The recent revelations that WWF was the source of an erroneous and unsubstantiated claim that the Himalayas may melt by 2035 has renewed concern about WWF’s credibility on forest conservation questions.
The London Telegraph found that the reports of the UN Intergovernmental Panel on Climate Change cited 16 WWF reports which were used as sources for claims which, contrary to IPCCC publishing rules, were not peer-reviewed.
In its capacity as an environmental activist, WWF has a record of making claims about forestry for over a decade that are exaggerated or cannot be substantiated. WWF accepts significant funding from Governments and donors to deliver conservation programs. Its integrity and credibility is important to that.
As far back as 1997, Danish academic, Bjorn Lomborg, illustrated problems with WWF claims. One was that two thirds of the world’s forests had been lost when the conventional figure was 20 to 25 per cent. Lomborg also found claims about extent of forest fires in Indonesia and the rate of deforestation in the Amazon were also unfounded.
A recent commentary in The Australian by World Growth Chairman, Alan Oxley, highlighted, contemporary instances of claims about forestry by WWF which cannot be substantiated. These concerned the rate of illegal forestry in Papua New Guinea and the share of illegal timber product in children’s books from China.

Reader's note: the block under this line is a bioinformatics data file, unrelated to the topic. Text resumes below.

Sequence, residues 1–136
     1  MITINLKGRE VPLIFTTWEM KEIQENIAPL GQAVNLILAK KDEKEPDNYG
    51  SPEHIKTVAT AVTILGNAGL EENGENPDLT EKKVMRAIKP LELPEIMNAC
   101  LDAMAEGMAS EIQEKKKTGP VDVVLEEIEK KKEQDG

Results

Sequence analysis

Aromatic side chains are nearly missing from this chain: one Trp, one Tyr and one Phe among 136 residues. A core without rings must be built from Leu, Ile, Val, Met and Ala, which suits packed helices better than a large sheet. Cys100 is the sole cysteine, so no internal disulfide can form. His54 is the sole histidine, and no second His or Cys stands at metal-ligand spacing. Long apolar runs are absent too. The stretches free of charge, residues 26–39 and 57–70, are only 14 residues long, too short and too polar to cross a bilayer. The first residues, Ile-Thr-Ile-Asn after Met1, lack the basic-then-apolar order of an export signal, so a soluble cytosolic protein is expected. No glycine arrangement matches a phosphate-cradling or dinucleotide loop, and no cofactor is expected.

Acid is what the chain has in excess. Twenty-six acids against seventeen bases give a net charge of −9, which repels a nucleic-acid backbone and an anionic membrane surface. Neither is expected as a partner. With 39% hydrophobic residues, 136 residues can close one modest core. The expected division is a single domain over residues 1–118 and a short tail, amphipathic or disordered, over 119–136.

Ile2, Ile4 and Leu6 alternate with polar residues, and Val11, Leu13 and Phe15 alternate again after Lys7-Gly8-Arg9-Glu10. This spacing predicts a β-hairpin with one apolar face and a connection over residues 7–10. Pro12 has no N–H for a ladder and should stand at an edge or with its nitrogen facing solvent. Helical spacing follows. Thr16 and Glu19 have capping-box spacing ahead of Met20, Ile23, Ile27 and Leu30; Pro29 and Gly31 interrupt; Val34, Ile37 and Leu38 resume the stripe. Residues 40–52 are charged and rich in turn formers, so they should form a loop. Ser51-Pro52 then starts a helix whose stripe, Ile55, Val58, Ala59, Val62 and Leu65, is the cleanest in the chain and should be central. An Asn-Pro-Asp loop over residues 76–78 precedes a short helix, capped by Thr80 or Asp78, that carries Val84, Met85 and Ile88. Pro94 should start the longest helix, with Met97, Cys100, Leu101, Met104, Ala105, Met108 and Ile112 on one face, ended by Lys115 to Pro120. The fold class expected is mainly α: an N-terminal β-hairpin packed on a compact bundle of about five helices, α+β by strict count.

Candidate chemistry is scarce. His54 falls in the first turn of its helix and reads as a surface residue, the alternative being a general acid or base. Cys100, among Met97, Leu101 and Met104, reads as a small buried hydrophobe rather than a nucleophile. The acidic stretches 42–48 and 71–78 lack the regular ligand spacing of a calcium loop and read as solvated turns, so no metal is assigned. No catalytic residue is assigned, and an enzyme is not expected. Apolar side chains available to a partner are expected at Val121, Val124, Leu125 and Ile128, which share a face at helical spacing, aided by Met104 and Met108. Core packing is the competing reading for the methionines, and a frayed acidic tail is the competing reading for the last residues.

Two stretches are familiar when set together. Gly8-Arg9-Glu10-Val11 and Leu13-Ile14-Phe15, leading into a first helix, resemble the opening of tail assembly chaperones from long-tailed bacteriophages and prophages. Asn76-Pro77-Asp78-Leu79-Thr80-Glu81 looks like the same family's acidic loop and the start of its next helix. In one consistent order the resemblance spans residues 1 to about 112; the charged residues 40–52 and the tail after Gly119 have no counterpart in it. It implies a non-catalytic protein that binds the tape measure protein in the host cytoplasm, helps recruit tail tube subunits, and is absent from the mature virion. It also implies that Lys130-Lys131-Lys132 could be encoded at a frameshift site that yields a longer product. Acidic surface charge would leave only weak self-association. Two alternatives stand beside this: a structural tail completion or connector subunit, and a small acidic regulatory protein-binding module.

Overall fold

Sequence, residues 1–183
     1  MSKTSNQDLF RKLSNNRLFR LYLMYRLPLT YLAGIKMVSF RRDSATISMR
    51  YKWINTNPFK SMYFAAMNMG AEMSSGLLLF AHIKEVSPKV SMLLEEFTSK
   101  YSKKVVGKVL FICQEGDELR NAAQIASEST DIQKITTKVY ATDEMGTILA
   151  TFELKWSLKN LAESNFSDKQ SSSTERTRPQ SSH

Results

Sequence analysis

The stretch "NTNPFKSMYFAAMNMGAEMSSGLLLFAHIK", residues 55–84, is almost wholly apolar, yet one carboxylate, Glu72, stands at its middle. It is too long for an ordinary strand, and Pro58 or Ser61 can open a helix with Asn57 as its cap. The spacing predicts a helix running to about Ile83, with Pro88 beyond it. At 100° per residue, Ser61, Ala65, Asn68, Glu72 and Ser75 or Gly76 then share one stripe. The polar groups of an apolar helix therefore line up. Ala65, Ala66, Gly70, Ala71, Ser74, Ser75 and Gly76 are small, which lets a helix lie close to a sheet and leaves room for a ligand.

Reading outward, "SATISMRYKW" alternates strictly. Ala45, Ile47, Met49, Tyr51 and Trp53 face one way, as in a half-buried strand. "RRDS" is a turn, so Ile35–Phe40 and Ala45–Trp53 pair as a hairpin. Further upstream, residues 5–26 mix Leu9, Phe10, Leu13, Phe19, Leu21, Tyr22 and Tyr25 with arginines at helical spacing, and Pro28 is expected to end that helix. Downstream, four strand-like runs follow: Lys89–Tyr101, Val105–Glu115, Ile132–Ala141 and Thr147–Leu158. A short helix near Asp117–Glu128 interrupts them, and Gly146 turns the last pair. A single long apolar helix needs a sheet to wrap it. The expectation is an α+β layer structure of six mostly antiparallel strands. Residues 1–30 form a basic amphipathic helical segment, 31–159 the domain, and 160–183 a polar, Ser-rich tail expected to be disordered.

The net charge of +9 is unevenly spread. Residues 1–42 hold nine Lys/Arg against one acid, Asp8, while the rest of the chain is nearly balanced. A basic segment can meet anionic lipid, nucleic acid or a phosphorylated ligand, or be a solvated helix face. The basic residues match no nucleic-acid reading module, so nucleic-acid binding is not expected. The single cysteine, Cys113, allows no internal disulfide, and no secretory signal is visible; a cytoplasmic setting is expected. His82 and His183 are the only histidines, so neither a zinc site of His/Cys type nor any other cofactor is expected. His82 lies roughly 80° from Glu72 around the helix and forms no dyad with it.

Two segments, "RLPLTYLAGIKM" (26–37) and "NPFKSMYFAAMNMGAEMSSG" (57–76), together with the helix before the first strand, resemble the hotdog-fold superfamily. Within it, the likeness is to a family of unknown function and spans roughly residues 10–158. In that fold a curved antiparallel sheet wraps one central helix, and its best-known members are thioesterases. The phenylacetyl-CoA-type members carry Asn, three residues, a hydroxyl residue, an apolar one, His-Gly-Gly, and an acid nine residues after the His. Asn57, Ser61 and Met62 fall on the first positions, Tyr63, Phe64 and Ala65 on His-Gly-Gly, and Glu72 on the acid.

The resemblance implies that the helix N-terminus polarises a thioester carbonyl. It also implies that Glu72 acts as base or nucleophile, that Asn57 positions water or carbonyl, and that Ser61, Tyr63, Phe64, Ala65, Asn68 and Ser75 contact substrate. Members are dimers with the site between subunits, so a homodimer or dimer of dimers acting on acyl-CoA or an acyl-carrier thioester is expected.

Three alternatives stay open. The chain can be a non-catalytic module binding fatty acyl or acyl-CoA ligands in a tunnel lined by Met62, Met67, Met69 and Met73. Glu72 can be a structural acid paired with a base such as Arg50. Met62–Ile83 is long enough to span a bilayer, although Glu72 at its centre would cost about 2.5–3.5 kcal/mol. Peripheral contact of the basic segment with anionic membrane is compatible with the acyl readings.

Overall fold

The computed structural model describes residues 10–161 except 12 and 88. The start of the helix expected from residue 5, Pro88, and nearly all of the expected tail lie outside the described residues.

The response from WWF Australia CEO, Greg Bourne was illuminating. He did not deny these contentions or endorse the WWF figures.
The credibility of WWF claims is also relevant to its promotion of forest certification systems. Its reports which publish these claims are used to persuade businesses in the timber and paper industries to purchase certification of their activities by the forest certification system of the Forest Stewardship Council which was set up and is arguably controlled by WWF. Greenpeace regularly threatens to blacken the reputation of companies that do not use FSC certification.
Closer scrutiny of the activities and claims of environmental NGOs, particularly in the timber and forest industry, is warranted and necessary. They have played a central role in criticizing the industry and influencing and informing the debate on forestry without adequate scrutiny of the veracity or accuracy of their own claims.
The Copenhagen conference failed to produce either legally binding targets for emission reductions or an agreement on Reducing Emissions from Deforestation and Forest Degradation. Undeterred, developed nations seem to be advancing the same goal by different means: offering aid to developing nations as incentives to implement the stillborn strategy.
Most recently, the United Kingdom pledged £50 million to Indonesia for “reversing the high rate of deforestation in the country”. The programs also sought to “strengthen regulations and create financial incentives to encourage the palm oil industry to grow on already degraded land, rather than natural forest”. The funding for the partnership comes from the United Kingdom’s £1.5 billion pledge under the ‘fast start’ package announced in Copenhagen.
The United States and Indonesia also signed a debt-for-nature agreement in June 2009, which represented the largest agreement of its kind. The agreement will see Indonesia’s debt payments reduced by $US30 million over eight years in return for Indonesia’s commitment to use that money to protect and restore tropical forests in Sumatra. The agreement was partially funded by contributions from two environmental NGOs.